(Giovanni Battista Salvi da Sassoferrato: Virgin Mary.)
As a recent convert to Roman Catholicism from Protestant Christianity, I have become enamored with some distinctly Catholic ideas.
First, I find the Catholic approach to reading the Bible highly stimulating. Unlike certain popular forms of evangelical Protestant Christianity, Catholicism believes that oftentimes, it is the non-literal, allegorical (“spiritual”) meaning of the Bible that is most important. In fact, some influential Christian authors like Origen Adamantius of Alexandria (circa 185-254 C. E.) go so far as to say that sometimes the literal meaning of a given biblical text is positively false, a “scandal” meant to awaken the reader to the underlying “spiritual” meaning of the text. There is evidence that even the authors of the New Testament read and interpreted the Old Testament with respect to its non-literal meanings.
Second, I have come to have a greater appreciation for Saint Mary, the Mother of Jesus. Since according to Catholic orthodoxy, Jesus was fully human and fully God, Mary can even justly be called “the Mother of God”. Such a title inevitably bequeathed to her great honor among Christians. Indeed, in the Gospel According to St Luke, Mary herself claims that, “from now on, all generations will call me blessed” (Luke 1:48).
Third, I now am obliged to accept as Sacred Scripture certain books that were omitted from the Canon of Scripture by Protestants, including Tobit, Judith, the Wisdom of Solomon, and Maccabees, and some other books, as well. Combining these three principles that are novel to my spiritual life, I have been able to couple the Catholic tradition of reading the Bible with special attention to hidden, non-literal meanings to an appreciation for the role of St Mary in the life of Jesus. In doing so, I have encountered a school of thought that attempts to find in the Old Testament — including the books of the Bible I formerly considered null on account of my past religious persuasion — signs and images that symbolically point to Mary. The Book of Judith has been traditionally understood to contain precisely such portraits that were realized historically in Mary.
One of the more fascinating parallels between the female protagonist Judith (for whom the book is named) and St Mary is that of being preserved from defilement. Judith, an especially attractive widow, sneaks into the encampment of Israel’s enemies, wins the favor of the enemy general Holofernes, and eventually succeeds in being alone in a tent with him. Ultimately, Judith is able to behead Holofernes while he is lying on his bed in a drunken stupor. Thanks to God’s providential wisdom, Judith was able to kill Holofernes without ever having been sexually or otherwise physically molested by him, even though he lusted after her on account of her remarkable beauty and was briefly alone with her. Later in the book, Judith considers this to have been a fitting outcome of her story.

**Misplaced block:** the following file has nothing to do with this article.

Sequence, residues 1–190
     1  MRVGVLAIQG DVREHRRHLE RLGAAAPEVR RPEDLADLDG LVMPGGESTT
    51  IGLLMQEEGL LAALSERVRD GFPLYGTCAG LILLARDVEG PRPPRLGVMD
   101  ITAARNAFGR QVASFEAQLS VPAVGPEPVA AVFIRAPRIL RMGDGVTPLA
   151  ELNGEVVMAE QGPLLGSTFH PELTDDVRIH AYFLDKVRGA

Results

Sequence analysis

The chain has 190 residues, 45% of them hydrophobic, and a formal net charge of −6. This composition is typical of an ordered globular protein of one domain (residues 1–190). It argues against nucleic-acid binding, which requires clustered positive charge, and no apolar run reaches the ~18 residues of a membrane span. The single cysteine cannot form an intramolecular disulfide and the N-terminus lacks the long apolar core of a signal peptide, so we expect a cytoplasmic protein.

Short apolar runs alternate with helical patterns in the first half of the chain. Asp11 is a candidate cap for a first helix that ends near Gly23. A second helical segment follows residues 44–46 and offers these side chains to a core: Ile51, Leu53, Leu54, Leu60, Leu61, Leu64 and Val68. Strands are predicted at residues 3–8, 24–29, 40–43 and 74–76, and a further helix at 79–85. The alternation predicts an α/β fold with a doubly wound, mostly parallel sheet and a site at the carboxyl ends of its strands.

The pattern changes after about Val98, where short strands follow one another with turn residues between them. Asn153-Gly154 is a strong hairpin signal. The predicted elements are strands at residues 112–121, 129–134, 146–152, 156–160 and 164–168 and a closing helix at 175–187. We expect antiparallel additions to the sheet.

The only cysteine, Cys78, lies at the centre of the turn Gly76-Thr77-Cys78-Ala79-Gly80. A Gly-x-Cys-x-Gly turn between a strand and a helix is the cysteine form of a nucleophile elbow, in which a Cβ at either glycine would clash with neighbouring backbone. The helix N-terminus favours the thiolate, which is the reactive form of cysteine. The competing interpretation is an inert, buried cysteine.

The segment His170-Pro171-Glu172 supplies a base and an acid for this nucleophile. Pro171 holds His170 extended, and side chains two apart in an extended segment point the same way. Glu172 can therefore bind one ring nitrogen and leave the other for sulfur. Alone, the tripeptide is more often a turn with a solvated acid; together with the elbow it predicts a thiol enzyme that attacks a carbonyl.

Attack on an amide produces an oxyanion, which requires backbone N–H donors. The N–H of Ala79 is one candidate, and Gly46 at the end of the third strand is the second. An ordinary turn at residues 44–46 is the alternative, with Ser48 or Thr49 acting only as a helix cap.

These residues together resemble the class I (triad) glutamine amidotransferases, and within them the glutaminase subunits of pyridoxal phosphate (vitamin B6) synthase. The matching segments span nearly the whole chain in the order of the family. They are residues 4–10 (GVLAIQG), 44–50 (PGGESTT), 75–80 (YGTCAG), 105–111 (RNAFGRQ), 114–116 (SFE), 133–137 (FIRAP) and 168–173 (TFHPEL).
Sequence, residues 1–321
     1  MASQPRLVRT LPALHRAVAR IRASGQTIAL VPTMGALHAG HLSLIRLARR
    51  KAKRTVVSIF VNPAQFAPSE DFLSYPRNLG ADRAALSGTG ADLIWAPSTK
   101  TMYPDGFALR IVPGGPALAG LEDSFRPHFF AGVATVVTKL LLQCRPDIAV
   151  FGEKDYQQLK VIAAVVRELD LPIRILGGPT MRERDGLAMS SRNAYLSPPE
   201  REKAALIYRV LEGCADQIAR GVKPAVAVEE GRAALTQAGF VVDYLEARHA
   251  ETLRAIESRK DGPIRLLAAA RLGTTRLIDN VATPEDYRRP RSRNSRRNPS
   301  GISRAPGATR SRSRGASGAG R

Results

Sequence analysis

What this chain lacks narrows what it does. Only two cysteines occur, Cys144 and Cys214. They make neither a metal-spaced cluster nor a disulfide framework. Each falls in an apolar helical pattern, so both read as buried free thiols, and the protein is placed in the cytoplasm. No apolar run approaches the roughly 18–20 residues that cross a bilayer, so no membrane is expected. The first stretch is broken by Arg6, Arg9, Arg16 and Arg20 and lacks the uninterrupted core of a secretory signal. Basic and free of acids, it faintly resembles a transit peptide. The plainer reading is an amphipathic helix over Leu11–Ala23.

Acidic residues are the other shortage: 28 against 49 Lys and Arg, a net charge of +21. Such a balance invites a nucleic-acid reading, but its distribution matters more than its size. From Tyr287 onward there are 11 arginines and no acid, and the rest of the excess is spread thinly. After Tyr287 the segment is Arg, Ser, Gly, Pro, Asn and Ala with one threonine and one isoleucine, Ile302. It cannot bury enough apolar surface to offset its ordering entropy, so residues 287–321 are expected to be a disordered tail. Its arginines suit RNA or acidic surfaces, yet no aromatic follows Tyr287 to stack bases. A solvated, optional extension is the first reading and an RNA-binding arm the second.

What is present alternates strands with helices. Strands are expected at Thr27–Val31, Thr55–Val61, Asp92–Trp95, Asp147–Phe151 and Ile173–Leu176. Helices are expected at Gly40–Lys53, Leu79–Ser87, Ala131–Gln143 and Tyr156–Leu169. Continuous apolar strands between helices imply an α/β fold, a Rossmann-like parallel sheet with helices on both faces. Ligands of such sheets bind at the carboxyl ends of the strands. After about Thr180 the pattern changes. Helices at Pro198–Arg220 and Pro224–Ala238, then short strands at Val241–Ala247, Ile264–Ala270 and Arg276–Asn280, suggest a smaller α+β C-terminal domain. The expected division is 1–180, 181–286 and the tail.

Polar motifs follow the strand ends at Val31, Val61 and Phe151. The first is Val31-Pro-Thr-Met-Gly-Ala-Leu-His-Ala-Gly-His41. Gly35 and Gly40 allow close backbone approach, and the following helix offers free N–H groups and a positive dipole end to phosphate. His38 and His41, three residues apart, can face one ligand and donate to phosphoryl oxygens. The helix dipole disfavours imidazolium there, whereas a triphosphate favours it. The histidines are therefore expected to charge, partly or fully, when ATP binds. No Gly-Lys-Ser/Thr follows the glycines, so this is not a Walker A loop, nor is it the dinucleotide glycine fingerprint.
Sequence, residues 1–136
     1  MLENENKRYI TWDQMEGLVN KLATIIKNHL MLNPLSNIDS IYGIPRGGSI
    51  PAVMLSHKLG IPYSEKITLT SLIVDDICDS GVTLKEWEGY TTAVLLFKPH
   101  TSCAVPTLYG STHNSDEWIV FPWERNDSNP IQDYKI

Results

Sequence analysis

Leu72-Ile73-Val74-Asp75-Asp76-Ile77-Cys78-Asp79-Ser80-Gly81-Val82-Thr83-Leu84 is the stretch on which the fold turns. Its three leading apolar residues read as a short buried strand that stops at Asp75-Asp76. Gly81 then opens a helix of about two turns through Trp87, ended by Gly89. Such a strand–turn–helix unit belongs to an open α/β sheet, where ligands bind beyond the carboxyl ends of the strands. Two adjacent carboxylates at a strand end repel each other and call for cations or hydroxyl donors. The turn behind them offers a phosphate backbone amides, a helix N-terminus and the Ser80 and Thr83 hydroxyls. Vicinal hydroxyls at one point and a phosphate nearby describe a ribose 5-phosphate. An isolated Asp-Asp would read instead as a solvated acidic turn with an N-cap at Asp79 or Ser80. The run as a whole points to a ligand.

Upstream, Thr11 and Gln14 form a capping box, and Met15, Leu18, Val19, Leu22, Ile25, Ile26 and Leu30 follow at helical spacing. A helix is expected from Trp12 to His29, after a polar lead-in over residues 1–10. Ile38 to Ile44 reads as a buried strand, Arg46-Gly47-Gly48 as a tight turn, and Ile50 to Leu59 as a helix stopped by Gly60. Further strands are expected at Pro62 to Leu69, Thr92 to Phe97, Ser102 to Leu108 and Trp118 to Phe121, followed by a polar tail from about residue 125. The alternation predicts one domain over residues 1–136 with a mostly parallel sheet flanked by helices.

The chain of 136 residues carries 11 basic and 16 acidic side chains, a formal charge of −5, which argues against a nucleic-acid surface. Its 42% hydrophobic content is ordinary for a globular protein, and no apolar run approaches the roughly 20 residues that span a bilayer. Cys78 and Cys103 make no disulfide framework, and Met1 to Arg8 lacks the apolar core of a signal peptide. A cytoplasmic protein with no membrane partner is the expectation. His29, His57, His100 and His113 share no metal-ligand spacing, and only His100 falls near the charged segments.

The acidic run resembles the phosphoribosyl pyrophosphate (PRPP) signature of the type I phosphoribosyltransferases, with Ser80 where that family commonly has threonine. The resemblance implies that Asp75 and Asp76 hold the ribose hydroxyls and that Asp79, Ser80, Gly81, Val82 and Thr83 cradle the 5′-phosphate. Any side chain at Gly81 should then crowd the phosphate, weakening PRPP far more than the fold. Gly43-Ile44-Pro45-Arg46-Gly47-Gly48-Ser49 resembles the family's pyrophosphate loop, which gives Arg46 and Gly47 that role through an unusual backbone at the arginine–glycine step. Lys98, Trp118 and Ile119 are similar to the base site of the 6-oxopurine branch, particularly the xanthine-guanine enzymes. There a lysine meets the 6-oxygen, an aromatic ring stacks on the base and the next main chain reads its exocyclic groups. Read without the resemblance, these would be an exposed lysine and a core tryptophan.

This story results in a moving allegory of St Mary. In the Roman Catholic Church, it is a dogma that Mary was conceived in her mother’s womb “immaculately”, meaning that she was preserved from original sin in her conception. Whereas the sin of our first parents (known in Scripture by the names “Adam” and “Eve”) resulted in the loss of the primordial “state of grace” for all of their descendants (which is to say, all of the human race), Mary was, by a special act of Christ’s divine grace, preserved from inheriting the privation of the original state of grace that is known theologically as “original sin”. (Note that original sin is not to be understood as an “original guilt”, whereby even an infant “deserves” to be punished for sin. Original sin is more akin to a medical defect that one inherits from one’s parents than to a punishment that one might unjustly receive for the sins of someone else.) Just as it was fitting for Judith to be preserved from sexual mistreatment from Holofernes in the process of slaying him, so also according to Catholicism was it fitting for St Mary to be preserved from the stain of original sin (a mistreatment inflicted upon the human race ultimately by the Devil) in the process of her conception, which culminated in her destiny to become the Mother of Jesus, who by his death and resurrection would vanquish the Devil. As Judith was kept safe (immaculate) from sexual intercourse with her enemy, so also was Mary kept immaculate from original sin due to the perversion that the Devil inflicted upon the human race through the sin of our first parents.
If it is true that the Old Testament points vaguely to spiritual realities fulfilled historically in the life of Jesus, then Judith might plausibly be read as an allegory in support of the Roman Catholic dogma of the Immaculate Conception of St Mary. The God of Israel who preserved Judith from being tainted by Holofernes also preserved the Mother of our Lord from being tainted by the Devil.